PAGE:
In atmospheric corrosion of copper, nickel, and iron, adsorption of water affects corrosion rates. Knowledge of water adsorption and metal oxyhydroxide formation is important in understanding the atmospheric corrosion process. The quartz-crystal microbalance (QCM) technique was used to measure mass changes of copper, nickel, and iron at 0% to 100% relative humidity (RH) and 7°C to 90°C under nitrogen (N2) and air environments. Less water was adsorbed on copper, nickel, and iron that formed oxides than on gold. The amount of water adsorption was similar on copper, nickel, and iron under N2 and air carrier gases. Shapes of isotherms suggested physical adsorption, capillary condensation, and pore filling occurred on all metals and were more significant at higher temperatures. Adsorption isotherms were Type III and Type IV according to the Brunauer-Emmett-Teller (BET) classification.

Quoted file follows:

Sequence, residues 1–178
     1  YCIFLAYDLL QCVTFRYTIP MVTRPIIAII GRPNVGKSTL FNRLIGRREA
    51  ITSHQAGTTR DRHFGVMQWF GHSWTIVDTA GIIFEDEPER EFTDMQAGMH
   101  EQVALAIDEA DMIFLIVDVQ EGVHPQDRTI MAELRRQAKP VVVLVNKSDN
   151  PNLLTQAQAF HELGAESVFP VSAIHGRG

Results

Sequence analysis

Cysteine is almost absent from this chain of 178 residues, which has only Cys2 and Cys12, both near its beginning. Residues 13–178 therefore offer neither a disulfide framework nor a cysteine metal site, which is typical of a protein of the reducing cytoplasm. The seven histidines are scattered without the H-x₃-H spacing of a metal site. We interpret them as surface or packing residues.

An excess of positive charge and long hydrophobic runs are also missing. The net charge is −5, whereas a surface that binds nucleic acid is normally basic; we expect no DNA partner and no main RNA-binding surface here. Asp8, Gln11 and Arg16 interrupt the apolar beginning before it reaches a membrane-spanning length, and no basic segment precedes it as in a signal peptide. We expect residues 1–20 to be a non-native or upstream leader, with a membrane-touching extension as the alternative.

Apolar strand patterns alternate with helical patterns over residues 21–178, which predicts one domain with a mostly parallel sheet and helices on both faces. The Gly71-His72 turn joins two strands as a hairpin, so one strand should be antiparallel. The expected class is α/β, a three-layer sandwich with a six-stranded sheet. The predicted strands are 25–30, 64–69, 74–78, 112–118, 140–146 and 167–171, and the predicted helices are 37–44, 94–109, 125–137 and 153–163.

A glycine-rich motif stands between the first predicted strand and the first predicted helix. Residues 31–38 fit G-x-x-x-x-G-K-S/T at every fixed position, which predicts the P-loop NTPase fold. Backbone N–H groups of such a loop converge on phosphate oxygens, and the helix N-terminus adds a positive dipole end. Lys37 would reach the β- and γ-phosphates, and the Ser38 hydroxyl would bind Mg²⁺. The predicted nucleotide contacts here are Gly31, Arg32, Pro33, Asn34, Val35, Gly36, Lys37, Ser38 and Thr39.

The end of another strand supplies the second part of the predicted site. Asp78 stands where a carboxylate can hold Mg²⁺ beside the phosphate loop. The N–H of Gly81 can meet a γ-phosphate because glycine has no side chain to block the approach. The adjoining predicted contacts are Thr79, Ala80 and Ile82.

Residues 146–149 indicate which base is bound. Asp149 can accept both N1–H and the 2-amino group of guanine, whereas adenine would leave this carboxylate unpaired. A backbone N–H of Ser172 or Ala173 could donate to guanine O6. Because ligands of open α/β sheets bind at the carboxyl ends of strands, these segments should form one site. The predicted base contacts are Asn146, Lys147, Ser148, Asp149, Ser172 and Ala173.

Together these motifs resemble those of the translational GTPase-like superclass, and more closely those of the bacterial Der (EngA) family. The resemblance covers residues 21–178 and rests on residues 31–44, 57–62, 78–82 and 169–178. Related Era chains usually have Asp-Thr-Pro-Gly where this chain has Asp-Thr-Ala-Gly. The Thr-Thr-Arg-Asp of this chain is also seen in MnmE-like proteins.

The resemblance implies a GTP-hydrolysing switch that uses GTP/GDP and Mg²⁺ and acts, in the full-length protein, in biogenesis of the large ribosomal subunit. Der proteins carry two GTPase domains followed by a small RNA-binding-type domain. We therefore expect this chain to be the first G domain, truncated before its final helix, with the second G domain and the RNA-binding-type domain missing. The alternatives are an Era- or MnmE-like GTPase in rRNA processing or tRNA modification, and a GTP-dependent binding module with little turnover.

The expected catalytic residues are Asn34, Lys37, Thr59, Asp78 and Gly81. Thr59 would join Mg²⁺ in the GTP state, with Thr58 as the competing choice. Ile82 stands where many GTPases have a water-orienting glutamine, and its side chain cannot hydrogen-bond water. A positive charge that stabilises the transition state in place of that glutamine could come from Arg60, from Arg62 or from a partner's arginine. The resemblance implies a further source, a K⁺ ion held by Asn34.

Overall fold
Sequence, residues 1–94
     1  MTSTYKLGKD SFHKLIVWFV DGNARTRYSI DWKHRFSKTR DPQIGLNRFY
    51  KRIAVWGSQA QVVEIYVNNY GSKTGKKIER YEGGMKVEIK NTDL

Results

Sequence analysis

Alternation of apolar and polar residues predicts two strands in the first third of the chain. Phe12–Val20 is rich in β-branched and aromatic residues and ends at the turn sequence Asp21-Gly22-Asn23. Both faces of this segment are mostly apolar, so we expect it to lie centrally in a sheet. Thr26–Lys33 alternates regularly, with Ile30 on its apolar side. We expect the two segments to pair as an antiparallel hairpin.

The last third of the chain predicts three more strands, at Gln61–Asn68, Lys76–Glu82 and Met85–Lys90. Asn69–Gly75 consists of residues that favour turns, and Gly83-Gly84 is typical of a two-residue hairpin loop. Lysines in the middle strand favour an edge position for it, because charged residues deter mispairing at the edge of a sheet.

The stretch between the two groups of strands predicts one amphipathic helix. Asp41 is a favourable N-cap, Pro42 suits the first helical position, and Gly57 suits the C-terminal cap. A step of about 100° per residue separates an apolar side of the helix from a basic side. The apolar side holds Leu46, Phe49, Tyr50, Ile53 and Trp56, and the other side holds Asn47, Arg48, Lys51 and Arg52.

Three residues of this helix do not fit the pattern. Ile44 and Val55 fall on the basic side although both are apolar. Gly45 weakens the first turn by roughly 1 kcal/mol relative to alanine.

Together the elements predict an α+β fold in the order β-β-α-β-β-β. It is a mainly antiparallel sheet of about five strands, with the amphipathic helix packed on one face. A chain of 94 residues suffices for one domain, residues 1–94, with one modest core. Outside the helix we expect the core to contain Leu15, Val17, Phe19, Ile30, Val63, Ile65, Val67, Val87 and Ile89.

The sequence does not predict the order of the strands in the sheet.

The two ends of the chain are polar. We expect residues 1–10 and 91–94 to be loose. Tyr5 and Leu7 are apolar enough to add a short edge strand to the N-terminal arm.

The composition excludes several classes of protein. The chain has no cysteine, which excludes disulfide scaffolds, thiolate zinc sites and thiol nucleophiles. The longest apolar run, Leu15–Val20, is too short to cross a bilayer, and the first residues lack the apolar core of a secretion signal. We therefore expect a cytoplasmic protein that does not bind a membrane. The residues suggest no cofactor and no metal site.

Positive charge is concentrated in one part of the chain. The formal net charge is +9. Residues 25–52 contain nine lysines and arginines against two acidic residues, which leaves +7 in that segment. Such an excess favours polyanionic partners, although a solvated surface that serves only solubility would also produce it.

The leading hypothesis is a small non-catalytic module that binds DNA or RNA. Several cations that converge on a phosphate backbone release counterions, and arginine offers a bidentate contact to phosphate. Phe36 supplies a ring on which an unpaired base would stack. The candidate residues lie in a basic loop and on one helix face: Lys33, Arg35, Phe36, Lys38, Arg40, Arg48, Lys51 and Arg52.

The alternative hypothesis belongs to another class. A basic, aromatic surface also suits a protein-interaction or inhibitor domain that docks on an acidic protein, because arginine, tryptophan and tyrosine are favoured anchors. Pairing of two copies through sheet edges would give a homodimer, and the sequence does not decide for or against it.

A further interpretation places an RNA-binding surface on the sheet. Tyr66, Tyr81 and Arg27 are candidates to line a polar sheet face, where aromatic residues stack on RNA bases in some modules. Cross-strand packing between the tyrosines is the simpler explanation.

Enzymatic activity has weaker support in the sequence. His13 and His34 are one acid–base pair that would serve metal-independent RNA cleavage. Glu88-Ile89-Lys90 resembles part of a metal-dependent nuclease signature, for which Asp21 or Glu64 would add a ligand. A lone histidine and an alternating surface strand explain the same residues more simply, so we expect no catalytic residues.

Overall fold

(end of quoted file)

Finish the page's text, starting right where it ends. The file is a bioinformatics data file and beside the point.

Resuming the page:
- Atmospheric corrosion
- Quartz-crystal microbalance technique
- Relative humidity
- Water adlayer electrolyte